1.       One of the first activities conducted by the Special Rapporteur on “Migrant Workers and their Families in the Hemisphere” was that of elaborating two questionnaires for the purpose of collecting information on the situation of migrant workers and their families. One of the questionnaires was sent to each member state of the OAS, and the other was sent to nongovernmental organizations dedicated to the issue of migrant workers in the region. The aim sought through sending out such questionnaires is to have a broader vision concerning the characteristics, practices and legislation in existence in each state with respect to the phenomena of migrant workers and their families. [95]


2.       In the 1998 Annual Report of the IACHR, the Special Rappourtership reproduced the responses given by States who had responded before the publication of the Annual Report. [96]


3.       The IACHR, with the objective to gather more information decided to reiterate the questionnaire to those states that have not responded it. The new answers are reproduced in the present report, received when the IACHR reiterated the questionnaire, as well as the responses received following the publication by the Commission of its 1998 Annual Report.


4.       This Second Progress Report of the Special Rapporteurship has eight new responses: Bolivia, Belize, Costa Rica, Jamaica, Nicaragua, Panama, Paraguay and Peru.




5.       Hereafter, the Commission will publish the responses of the member States to the questionnaire.  These will refer to the rights examined in the questionnaire grouped thematically to permit a clearer appreciation.: [97]  

1.       Xenophobia


1.        Does xenophobia or racism with respect to migrant workers exist in your country? How is it manifested? Are there any types of law that punish such acts against migrant workers?


2.        Is there xenophobia or racism that affects the migrant workers of your country in the countries of employment or transit? How is it manifested? Are there any laws to sanction such acts?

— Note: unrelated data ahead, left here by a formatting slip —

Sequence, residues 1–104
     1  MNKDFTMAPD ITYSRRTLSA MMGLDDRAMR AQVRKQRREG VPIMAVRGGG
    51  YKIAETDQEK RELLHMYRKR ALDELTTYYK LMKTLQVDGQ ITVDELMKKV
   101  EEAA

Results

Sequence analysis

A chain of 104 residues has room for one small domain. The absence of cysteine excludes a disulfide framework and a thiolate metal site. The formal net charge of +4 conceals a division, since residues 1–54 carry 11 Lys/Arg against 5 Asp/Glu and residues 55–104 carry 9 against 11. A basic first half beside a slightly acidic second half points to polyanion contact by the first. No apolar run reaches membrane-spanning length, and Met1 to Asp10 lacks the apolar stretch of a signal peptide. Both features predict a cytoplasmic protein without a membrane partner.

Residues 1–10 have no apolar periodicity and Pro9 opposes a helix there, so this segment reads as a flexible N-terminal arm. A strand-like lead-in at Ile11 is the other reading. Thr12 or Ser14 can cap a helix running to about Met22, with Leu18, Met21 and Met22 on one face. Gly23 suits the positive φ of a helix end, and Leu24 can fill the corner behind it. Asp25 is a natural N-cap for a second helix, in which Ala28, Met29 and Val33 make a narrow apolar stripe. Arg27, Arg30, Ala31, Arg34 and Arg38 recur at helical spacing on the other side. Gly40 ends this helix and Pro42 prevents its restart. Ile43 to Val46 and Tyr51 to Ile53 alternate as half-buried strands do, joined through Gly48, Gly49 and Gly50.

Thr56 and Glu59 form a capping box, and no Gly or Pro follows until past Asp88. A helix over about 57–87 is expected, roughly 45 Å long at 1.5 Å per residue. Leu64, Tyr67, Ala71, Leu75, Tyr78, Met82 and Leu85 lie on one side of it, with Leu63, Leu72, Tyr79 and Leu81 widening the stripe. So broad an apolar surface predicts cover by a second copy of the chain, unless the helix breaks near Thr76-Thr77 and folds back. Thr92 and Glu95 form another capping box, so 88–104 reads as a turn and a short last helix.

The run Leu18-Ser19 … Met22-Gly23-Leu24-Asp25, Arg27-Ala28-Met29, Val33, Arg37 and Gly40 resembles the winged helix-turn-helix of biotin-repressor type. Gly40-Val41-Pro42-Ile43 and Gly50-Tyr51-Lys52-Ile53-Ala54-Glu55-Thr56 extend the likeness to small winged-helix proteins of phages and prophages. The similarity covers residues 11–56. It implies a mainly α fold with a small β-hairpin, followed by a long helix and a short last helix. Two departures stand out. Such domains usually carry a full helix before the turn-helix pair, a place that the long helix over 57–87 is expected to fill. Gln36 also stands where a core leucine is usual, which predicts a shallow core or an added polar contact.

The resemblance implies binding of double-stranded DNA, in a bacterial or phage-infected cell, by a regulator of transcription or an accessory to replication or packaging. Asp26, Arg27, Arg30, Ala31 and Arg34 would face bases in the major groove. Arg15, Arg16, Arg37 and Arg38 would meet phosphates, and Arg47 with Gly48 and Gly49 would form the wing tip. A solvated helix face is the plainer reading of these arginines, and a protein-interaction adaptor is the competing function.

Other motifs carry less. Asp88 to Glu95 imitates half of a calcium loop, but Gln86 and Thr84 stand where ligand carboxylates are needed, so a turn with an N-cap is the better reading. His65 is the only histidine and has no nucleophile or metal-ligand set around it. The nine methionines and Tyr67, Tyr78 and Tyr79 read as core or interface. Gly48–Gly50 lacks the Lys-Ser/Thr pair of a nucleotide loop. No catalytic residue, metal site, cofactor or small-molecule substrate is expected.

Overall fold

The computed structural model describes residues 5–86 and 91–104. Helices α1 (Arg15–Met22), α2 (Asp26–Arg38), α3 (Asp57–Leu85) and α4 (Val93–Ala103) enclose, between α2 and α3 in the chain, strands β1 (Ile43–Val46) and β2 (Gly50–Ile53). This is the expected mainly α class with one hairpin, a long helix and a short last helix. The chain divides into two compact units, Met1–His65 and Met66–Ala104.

1.       There is no xenophobia or racism against immigrant workers in Bolivia; Article 156 of the Bolivian Constitution stipulates that work is a duty and a right, constitutes the basis of social and economic order, and thus deserves the protection of the State.


2.       Yes; migrant workers from our country are affected by xenophobia and/or racism, in Argentina. This can be seen in how complex it is for them to sort out their irregular situations and obtain legal status; they are also denied the opportunity to secure jobs on an equal footing and they are harassed by the police.


The Argentine-Bolivian Bilateral Agreement of February 16, 1998, says that the two countries must work to sort out those issues, but this is ignored by Argentina.




1.       No.


2.       No.




1.       Regrettably, there have been some isolated cases of xenophobic behavior and racism against foreigners, particularly those of Nicaraguan origin. For further information, see the following articles:


Doris Sosa S. et al., Percepción de la población costarricense sobre los nicaragüenses que viven entre nosotros, IDESPO, UNA, Heredia, January 1997.


Patricia Alvarenga Venotulo, Conflictiva convivencia: los nicaragüenses en Costa Rica, Cuaderno de Ciencia Social, Nº 1, FLACSO, San José, 1997.


There is no legislation that specifically punishes racism against migrant workers; however, if such attitudes are displayed in actions that undermine public order, they can be punished under common criminal law.


2.       No information.




1.       Migrant workers in Jamaica are not subject to racism or xenophobia. The Jamaican Constitution protects every person in Jamaica from discrimination on the grounds of race, place of origin, political opinions, color or creed. The Constitution makes an exception for laws that make provisions with respect to persons who are not citizens of Jamaica that may be discriminatory either of itself or in its effect.


2.       There is no racism or xenophobia that affects migrant workers from Jamaica in other countries of employment or transit. Jamaican migrant workers are not affected by racism or xenophobia in their countries of employment or transit.